Ah, Thanksgiving. A holiday centered around the company of one’s closest family and friends, around a spirit of gratefulness and–of course–a delicious meal. A feast the size of a typical American Thanksgiving dinner leaves behind happily full stomachs– and lots of leftovers.
From turkey bones to vegetable scraps, these leftovers often languish in the fridge until they inevitably make their way into the trash or compost. This year, do not let those precious leftovers go to waste; they can be put to good use in a delicious turkey stock. Soup stock is a very versatile broth that can be used to braise fish, cook grains, constitute a soup base and even be drunk for its health benefits. Turkey stock keeps in the fridge for three days, and can be kept frozen for up to three weeks.
1 turkey carcass (if your Thanksgiving dinner happened to include chicken or ham instead, those work just as well)
3-4 white onions, quartered
3 carrots, peeled and chopped into large sections
4 stalks celery, cut into pieces of similar size to the carrots
1 Tbsp whole peppercorns
1/2 Tbsp whole allspice berries
2 sprigs thyme
1 sprig rosemary (optional)
2 bay leaves
1 gallon water
3 cloves garlic, crushed and peeled
2 whole cloves (optional)
*Note: while not necessary to the recipe, any scraps left over from cooking thanksgiving dinner (such as carrot tops, beet greens, onion skins) will add depth of flavor and nutrients to the stock. However, strong-tasting greens such as kale, spinach, cabbage, or collards can impart a bitter flavor.
*Note: bones are not necessary for stock. This recipe can be altered for vegetable stock simply by omitting the turkey carcass and reducing the stock for a shorter amount of time.
Simplest and easiest method:
Place all ingredients in a large stockpot and bring to a boil. AS SOON as the water begins to boil, take the heat down to a steady simmer (boiling can degrade the proteins in the bones of choice, making your stock cloudy). Simmer uncovered for 3-8 hours, testing periodically and skimming regularly to reduce cloudiness in the broth. When the strength of flavor in the broth is to your taste, remove from heat, salt, and cool immediately. Stock must be cooled immediately in order to prevent bacteria growth. The best way to do so is to place the stock pot in a large tub full of ice until room temperature before ladling your delicious finished stock into tight-sealing jars for storage in the fridge or freezer.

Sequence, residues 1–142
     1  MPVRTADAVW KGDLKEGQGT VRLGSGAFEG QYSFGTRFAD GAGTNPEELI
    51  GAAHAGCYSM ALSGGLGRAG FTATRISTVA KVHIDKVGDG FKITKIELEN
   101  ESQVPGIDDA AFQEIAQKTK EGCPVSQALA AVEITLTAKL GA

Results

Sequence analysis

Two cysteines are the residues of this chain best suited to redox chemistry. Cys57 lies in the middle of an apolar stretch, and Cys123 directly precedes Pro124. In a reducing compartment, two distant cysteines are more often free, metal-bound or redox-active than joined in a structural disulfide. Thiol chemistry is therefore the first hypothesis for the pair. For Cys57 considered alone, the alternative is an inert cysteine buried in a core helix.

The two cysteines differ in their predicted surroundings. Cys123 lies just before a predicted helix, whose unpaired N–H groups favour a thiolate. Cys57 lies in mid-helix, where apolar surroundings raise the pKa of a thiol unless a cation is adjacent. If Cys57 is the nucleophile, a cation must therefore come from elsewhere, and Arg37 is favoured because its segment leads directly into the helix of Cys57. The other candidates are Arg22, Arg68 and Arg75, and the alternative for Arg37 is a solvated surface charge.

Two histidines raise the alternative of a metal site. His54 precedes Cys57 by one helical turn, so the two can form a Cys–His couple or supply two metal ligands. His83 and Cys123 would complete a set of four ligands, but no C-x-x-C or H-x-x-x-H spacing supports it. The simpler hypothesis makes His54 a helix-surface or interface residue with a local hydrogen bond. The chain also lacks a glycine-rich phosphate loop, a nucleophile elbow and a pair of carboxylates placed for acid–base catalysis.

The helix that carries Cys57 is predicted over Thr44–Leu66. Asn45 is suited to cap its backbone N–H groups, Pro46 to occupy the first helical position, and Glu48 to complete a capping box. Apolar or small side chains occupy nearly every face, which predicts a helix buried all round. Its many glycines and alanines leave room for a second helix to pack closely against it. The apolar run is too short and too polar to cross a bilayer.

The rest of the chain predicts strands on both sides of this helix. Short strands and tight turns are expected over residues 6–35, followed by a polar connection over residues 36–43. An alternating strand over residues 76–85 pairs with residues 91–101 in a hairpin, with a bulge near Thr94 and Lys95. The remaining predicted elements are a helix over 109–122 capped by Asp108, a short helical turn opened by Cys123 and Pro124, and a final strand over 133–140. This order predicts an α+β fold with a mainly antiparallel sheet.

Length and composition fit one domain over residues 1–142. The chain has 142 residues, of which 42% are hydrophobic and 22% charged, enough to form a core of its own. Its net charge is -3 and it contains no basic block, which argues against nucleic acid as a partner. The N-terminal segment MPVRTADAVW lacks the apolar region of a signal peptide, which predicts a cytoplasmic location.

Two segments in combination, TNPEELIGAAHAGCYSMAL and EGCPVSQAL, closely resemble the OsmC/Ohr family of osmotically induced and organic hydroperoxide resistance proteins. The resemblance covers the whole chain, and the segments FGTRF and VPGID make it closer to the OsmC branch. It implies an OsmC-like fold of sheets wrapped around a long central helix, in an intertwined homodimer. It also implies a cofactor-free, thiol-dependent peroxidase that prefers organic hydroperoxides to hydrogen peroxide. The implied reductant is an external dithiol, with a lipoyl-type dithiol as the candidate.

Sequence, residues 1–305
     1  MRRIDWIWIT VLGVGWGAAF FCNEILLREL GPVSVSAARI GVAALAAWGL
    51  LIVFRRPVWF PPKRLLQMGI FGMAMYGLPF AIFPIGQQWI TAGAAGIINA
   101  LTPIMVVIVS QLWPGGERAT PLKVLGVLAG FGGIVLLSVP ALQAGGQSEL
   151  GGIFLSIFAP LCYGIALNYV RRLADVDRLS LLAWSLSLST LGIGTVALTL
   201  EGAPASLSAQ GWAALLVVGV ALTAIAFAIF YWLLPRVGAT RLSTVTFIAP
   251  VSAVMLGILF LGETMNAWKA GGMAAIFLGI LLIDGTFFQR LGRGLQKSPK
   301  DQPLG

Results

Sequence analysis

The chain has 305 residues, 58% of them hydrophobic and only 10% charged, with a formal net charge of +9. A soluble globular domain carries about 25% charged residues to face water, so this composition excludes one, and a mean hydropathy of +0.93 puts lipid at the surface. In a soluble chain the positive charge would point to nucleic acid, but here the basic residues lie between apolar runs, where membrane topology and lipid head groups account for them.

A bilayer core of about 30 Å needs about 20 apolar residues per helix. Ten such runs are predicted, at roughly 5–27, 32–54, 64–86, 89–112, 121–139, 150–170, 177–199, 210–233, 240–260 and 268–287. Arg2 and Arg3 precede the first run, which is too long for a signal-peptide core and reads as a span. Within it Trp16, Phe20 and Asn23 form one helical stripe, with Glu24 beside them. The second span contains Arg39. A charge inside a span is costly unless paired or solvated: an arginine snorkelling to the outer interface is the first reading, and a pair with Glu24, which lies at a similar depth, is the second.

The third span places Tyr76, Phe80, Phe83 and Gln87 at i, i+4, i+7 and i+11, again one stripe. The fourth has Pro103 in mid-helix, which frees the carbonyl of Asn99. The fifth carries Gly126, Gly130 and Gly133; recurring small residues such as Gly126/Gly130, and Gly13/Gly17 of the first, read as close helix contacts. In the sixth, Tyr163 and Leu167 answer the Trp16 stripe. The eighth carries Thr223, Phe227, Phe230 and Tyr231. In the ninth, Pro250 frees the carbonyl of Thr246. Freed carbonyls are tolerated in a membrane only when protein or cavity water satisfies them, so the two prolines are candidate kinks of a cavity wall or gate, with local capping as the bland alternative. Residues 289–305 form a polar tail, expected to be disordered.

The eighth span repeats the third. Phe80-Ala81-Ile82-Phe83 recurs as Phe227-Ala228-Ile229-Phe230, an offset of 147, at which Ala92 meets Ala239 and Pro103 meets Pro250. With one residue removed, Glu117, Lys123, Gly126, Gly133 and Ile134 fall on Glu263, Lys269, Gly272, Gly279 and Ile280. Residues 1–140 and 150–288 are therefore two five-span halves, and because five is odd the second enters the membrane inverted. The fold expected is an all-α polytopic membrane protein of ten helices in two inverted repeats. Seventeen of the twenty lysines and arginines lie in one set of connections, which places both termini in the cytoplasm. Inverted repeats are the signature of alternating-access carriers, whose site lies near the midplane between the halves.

A slightly more time-consuming method (which improves flavor, clarity and color, and is definitely worth it):
Heat a very small amount of any high-heat-tolerant cooking oil in the bottom of the stockpot until it “shimmers” (that is, until it’s nearing its smoke point). Carefully place the quartered onions cut side down in the oil to brown slightly. The slight caramelization of the onion gives the stock a richer flavor profile. Leaving the onion skins on causes the stock to take on a deep golden-brown color; in fact, onion skins were once used as a natural dye for everything from leather to fabric due to their beautiful golden color. If you are using any dried herbs or spices, now would be the time to add them. The high heat of the pot brings out more of their fragrant oils than the lower heat of the liquid stock would. However, fresh herbs should be added after the water. Once all cut sides of the onions have been slightly caramelized, add the remaining ingredients, bring the mixture to a boil, and let it simmer gently for 3-8 hours uncovered, skimming as needed (see above). Once the stock has simmered for a few hours and the vegetables have given your stock all their flavor, remove them and set them aside so that they don’t break down and cloud your stock. The amount of liquid in your broth should reduce significantly, this is a big factor in getting a full-bodied stock. When the strength of flavor in the broth is to your taste, remove from heat, salt, and cool immediately. Stock must be cooled immediately in order to prevent bacteria growth. The best way to do so is to place the stock pot in a large tub full of ice until room temperature before ladling your delicious finished stock into tight-sealing jars for storage in the fridge or freezer. If your broth becomes gelatinous when cooled, don’t worry; instead, congratulate yourself! That is the sign of a good quality stock. The collagen extracted from the bones into your stock becomes gelatin and is incredibly nutritious, especially for your joints!